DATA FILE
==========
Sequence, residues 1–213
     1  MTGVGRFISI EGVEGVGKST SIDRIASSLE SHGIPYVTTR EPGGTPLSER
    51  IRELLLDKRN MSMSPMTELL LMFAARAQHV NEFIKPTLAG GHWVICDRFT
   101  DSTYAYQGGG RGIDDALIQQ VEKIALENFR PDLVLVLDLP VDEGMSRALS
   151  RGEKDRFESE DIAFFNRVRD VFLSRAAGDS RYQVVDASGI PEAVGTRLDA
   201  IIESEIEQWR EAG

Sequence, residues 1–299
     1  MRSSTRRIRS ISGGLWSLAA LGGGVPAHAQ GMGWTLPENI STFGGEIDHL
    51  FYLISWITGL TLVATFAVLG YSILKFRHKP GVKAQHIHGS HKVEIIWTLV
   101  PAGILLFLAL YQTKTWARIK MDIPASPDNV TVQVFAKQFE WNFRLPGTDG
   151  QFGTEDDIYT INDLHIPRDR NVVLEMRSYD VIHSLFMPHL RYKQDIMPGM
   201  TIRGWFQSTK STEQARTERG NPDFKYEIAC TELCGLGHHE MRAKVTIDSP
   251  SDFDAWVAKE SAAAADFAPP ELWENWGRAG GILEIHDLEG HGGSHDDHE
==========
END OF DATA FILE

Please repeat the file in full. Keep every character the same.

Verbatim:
Sequence, residues 1–213
     1  MTGVGRFISI EGVEGVGKST SIDRIASSLE SHGIPYVTTR EPGGTPLSER
    51  IRELLLDKRN MSMSPMTELL LMFAARAQHV NEFIKPTLAG GHWVICDRFT
   101  DSTYAYQGGG RGIDDALIQQ VEKIALENFR PDLVLVLDLP VDEGMSRALS
   151  RGEKDRFESE DIAFFNRVRD VFLSRAAGDS RYQVVDASGI PEAVGTRLDA
   201  IIESEIEQWR EAG

Sequence, residues 1–299
     1  MRSSTRRIRS ISGGLWSLAA LGGGVPAHAQ GMGWTLPENI STFGGEIDHL
    51  FYLISWITGL TLVATFAVLG YSILKFRHKP GVKAQHIHGS HKVEIIWTLV
   101  PAGILLFLAL YQTKTWARIK MDIPASPDNV TVQVFAKQFE WNFRLPGTDG
   151  QFGTEDDIYT INDLHIPRDR NVVLEMRSYD VIHSLFMPHL RYKQDIMPGM
   201  TIRGWFQSTK STEQARTERG NPDFKYEIAC TELCGLGHHE MRAKVTIDSP
   251  SDFDAWVAKE SAAAADFAPP ELWENWGRAG GILEIHDLEG HGGSHDDHE